I must admit that I had high hopes for Her Fearful Symmetry. Having read The Time Traveler’s Wife, and loving it so much, it was hard not to hold Audrey Niffenegger’s next book up to some very high standards. But, as any good book lover and reviewer should do, I tried to put these standards aside and enjoy this book for what it is – a different story.
Her Fearful Symmetry is the story of Valentina and Julia Poole, mirror-image American twins who inherit an old flat from their estranged (and now dead) Aunt Elspeth. The flat is in London, overlooking Highgate Cemetery, and there are only a few stipulations in the will. The first of these is that the twins will move into the flat when they are 21 and live there for 12 months and the second is that their parents are never allowed to enter.
This may seem like an odd request but Aunt Elspeth and her twin sister Edie (Valentina and Julia’s mother) have not spoken to each other for a long time. Why you may ask? This is a mystery that the twins really want to find out, so they travel to London and begin their new lives.
Enter Robert, Elspeth’s bereaved boyfriend who lives in the flat downstairs. Martin, the reclusive man who suffers from obsessive compulsive disorder who is living upstairs. And finally, Elspeth herself who just can’t seem to leave her flat. Here you have a cast of unwittingly strange characters.
The story follows the lives (and death) of all of these characters as Valentina and Julia settle into their London life and their struggle as they try to make their way into adulthood. Not only do they have to navigate all the normal life changing moments (and the not so normal, like finding out they are sharing their flat with its previous occupant), but they have to try and work out a way to juggle their desire to do different things with the bond they share as twins.
I found this book to be a little hard to get into at first (as I struggled not to compare) but once the twins moved to London and the pace picked up, I found this to be an easy and enjoyable read. It had just the right levels of spooky mixed with normality to make it interesting.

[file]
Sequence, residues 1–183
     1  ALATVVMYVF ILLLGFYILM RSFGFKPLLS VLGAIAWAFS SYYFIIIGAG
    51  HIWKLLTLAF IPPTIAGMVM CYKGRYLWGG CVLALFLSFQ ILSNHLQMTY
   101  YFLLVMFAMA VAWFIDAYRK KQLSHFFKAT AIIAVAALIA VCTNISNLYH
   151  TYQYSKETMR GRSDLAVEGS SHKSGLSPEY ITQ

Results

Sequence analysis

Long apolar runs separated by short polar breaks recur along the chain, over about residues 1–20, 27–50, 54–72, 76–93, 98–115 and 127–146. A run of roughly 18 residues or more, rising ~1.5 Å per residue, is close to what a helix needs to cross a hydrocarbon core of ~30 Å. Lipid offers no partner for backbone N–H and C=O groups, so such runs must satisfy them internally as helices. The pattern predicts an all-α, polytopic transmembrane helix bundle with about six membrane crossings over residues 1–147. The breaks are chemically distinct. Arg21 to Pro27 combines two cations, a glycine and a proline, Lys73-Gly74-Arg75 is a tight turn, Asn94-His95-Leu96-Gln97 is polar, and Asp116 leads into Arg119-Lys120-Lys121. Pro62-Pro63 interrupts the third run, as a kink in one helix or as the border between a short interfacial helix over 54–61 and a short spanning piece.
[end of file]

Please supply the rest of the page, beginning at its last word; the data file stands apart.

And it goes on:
That said, I found the story to be quite predictable. I guessed the mystery surrounding Elspeth and Edie early on and I guessed the ending of this story as soon as Valentina came up with her plan to try and sever the twin bond between her and the overpowering Julia.
Did I love this book? No. I did not. Did I like this book? Yes I did. This book is an engaging read, a little slow in parts but the characters are well fleshed out and interesting. I found Martin to be quite loveable (in a Monk kind of way) and Valentina was lovely. I could almost feel her frustration as she had to try and deal with Julia and her desire for everything to remain as it always has been, not understanding that life needs to change.
It brought up the issue of how hard it is to be an identical twin. To spend your time in utero and your childhood so close to another person who is basically a sum of yourself, then to have to move into adulthood and take your own paths and begin your own relationships. Harder still if one twin is willing to make the change yet the other is not.
Highgate Cemetery was a nice addition to the story. The stories of the people buried there and their deaths, was something I found very interesting. I love browsing old cemeteries and doing so through this novel was no exception.
If you are looking for another The Time Traveler’s Wife then don’t bother with this book. You won’t find it. This book is a work on its own and different in too many ways. But to me that is a good thing. It shows that Niffenegger is willing to take risks and try new things in order to write very different stories. It would be too easy to rehash the same things just because they worked the first time. I am glad she wrote something new and I hope she continues to do so.